New research indicates that older women with diabetes face a more than doubled risk for some types of colorectal cancer.
Diabetes has been identified as a colon cancer risk factor, but the mechanisms aren't completely understood.
For this population-based cohort study, a research team, led by Mayo Clinic physicians, examined data from 37,695 participants of the Iowa Women's Health Study (IWHS), which enrolled women aged 55 in 1986 and remains ongoing.
Of these women, 2,361 reported a diagnosis of Type 2 diabetes and 1,200 developed colorectal cancer.
To find the links between colorectal cancer and diabetes, the researchers worked with regional pathology laboratories to obtain tumor tissue samples from IWHS participants who were diagnosed with colorectal cancer.
They linked the tissue samples with other IWHS data, looking for cancer pathways and risk factors, and whether those risk factors were associated with three different molecular markers: microsatellite instability (MSI), CpG island methylation (CIMP), and BRAF gene mutations.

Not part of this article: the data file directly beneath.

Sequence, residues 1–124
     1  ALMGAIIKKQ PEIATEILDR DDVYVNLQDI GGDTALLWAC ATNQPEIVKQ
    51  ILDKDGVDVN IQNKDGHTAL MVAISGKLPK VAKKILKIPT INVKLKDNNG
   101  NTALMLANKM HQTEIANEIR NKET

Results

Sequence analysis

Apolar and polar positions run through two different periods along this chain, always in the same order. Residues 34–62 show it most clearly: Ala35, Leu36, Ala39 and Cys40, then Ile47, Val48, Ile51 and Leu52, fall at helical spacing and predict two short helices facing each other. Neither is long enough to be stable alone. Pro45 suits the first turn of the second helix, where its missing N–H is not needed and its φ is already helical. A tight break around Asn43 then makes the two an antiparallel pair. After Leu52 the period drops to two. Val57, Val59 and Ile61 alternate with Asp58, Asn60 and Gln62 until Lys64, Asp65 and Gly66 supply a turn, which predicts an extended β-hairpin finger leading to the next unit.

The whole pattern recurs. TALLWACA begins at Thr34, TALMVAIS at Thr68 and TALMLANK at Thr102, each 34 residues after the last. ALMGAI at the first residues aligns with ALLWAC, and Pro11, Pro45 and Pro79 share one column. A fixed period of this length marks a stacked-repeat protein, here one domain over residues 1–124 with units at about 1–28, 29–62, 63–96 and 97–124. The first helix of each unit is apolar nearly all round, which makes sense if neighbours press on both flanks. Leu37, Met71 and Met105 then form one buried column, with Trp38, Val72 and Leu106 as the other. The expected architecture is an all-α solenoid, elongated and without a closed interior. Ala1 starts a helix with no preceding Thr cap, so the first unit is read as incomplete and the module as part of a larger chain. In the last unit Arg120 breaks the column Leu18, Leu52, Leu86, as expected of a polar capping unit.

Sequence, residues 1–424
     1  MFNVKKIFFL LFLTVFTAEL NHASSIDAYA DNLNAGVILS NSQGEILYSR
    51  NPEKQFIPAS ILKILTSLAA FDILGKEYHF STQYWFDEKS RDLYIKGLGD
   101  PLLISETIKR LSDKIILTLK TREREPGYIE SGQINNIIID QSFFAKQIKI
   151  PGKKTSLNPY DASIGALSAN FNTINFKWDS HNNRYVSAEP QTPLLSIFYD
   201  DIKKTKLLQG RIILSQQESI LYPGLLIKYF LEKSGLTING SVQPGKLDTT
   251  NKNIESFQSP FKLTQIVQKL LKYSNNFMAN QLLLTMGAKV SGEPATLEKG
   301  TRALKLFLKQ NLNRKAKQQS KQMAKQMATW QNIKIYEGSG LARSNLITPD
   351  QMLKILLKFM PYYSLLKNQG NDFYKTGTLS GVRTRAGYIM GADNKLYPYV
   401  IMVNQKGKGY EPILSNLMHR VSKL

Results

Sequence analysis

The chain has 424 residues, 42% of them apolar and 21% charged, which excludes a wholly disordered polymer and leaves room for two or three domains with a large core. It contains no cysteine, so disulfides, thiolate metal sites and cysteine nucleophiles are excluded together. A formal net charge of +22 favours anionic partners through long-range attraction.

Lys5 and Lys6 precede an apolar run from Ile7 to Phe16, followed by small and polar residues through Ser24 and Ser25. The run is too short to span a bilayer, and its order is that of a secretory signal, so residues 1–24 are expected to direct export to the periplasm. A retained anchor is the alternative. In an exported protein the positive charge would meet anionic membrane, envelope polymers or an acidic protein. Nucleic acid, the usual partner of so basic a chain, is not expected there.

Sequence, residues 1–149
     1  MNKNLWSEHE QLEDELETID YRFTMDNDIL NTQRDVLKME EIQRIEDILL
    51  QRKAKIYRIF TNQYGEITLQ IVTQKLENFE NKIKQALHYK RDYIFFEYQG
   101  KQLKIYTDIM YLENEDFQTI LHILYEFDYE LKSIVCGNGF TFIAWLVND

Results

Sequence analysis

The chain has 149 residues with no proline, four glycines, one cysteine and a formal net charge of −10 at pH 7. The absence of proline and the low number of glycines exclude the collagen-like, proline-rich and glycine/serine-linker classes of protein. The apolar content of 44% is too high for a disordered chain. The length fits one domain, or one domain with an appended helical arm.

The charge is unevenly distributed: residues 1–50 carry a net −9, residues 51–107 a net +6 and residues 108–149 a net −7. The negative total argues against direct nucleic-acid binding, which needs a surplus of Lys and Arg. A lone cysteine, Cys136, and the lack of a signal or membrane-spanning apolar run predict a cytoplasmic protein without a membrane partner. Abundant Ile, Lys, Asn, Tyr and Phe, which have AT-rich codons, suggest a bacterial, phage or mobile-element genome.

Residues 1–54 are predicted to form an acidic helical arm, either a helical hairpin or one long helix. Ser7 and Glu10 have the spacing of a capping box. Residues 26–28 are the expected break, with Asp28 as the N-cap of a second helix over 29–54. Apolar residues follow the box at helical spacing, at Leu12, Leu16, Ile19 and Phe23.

"Diabetes was more strongly associated with the MSI-high, CIMP-positive and BRAF-mutation cancer subtypes in this group of older women," said Mayo Clinic gastroenterologist Paul Limburg.
Limburg explained that diabetes appeared to confer a greater than twofold increase in risk for these molecularly-defined tumors, compared to women without diabetes.
The findings are being presented at Digestive Disease Week 2010, the annual meeting of the American Gastroenterological Association.